They'd been running on fumes for months and, in the end, they couldn't even pay for gas.
When Australian discount-travel airline Air Australia decided to file for bankruptcy in the wee hours of Friday morning, the decision did not reflect a long thought-out restructuring as was the case in the recent bankruptcy of American Airlines.
Instead, the development came out of the inevitable, as a refueling station in the Phuket, Thailand, refused to gas up one of the company's Airbus A330-200 planes, citing Air Australia's unpaid fuel debts. Rather than pony up the tens of thousands of dollars owed, the firm simply called it quits.
It currently appears that there are no funds available to meet operational expenses, so flights will be suspended immediately, the company said in joint statement Friday with its newly appointed bankruptcy administrators.
The bankruptcy comes a day after major carrier Qantas noted an 83 percent decline in profits would lead it to fire 500 workers.
The convoluted path of Air Australia, which is less than four months old and operated on a leased fleet of five aircraft, is being framed as a case study in which corporate hubris and a hands-off approach from corporate regulators combined to deliver a spectacular demise.
Just weeks after the airline opened, launching into the low-price fare field being abandoned by competitor Virgin Australia, it flew plane-loads of local celebrities to Hawaii to raise its profile. It also sponsored an Australian IndyCar racing event, spending hundreds of thousands to transport the vehicles involved in the race. It also became a major sponsor of the Australian Open golf tournament.
'We're new, so we have to buy our market share, CEO Michael James told The Courier Mail last year. At the same time, he was telling the Sydney Morning Herald his firm would be profitable in a year ''without a doubt.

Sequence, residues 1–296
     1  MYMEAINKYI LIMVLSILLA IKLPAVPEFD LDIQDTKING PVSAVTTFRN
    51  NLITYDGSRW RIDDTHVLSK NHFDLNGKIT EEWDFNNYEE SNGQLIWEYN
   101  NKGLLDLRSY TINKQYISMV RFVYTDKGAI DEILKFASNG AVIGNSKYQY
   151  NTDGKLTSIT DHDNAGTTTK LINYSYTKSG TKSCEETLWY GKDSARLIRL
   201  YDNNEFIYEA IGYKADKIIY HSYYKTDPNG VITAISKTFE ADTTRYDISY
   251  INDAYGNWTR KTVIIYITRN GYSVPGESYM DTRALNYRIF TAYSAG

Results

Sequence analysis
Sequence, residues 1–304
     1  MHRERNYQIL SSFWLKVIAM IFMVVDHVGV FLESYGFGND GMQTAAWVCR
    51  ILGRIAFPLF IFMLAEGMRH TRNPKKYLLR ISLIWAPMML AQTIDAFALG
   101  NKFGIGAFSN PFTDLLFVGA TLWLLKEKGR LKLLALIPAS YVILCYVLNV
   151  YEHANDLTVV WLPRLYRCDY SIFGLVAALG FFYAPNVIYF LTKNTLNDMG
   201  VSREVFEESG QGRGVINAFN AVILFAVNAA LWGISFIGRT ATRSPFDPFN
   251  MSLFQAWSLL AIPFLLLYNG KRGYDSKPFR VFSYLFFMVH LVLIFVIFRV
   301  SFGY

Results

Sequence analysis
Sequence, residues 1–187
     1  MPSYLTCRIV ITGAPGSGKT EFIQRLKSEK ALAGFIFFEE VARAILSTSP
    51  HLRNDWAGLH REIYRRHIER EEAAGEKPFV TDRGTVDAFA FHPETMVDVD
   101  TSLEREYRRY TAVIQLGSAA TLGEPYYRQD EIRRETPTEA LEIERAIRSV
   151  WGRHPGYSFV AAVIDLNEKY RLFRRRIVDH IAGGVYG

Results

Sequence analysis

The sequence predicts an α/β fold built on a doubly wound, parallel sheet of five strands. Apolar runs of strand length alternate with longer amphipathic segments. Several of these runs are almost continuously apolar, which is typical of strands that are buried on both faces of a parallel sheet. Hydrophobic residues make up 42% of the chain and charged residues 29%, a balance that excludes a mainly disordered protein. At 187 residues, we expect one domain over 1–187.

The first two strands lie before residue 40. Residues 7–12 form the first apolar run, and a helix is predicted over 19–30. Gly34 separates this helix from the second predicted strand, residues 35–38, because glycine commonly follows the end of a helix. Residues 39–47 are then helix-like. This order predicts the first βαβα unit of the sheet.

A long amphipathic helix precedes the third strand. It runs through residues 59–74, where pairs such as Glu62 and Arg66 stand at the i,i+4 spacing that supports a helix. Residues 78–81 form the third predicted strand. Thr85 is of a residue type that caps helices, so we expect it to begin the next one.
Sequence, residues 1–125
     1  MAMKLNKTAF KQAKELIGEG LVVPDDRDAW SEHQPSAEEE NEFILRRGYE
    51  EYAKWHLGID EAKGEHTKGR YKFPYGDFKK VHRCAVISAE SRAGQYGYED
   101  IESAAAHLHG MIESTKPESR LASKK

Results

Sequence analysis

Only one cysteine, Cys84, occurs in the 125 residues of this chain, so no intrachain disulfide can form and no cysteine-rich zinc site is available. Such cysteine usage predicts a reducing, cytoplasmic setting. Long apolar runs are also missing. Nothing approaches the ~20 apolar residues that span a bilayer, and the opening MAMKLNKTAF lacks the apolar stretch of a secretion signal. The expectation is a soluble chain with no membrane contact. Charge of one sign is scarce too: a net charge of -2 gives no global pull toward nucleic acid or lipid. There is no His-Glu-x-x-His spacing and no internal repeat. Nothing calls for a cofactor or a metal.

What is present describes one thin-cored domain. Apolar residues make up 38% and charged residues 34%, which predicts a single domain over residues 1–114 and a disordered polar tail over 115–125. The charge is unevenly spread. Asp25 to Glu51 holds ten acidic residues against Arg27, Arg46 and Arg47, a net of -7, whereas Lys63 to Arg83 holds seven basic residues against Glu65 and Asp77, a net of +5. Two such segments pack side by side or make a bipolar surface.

Meanwhile, the company was struggling. In December 2011, just weeks after launching, two large insurers announced they would not be dealing with the company since it refused to open its finances for inspection. Staff on the airline were reportedly paid as little as AU$90 ($96.58) per day, and told not to eat on-board offerings.
Just a week ago, Air Services Australia, the government agency involved in airport operations, said it was suing Air Australia for unpaid fees.Yet according to one Australian newspaper, The Age, another government agency that should have raised a red flag earlier was asleep at the switch.
In January, the Australia's Civil Aviation Safety Authority, which reviews airline's finances to ensure they have enough cash flow to meet safety requirements, gave the company the green light, reissuing its vital aviation license.
CASA spokesman Peter Gibson told The Age it was not the watchdog's role to ensure an airline's financial viability beyond any impact on safety.
Besides the people currently stranded in Thailand, Hawaii and Brisbane, the airline has apparently sold about 100,000 unused tickets, whose status is uncertain.
Our priority is the passengers and the employees, then the next phase will be, 'Can this business be sold as a going concern?' Can we find a white knight?', and then we'll do our investigation. So, the next 48 hours we'll go through that, Mark Korda, the bankruptcy administrator told The Age.
That prospect seems unlikely, say industry experts.
The fleet is pretty old and rather than pay anything for it, the other [airliners] will be happy to pick up passengers on routes.. it's a small carrier that had less than 1% of the market share, Russell Shaw, an analyst for Australian investment bank Macquarie, told Deal Journal Australia.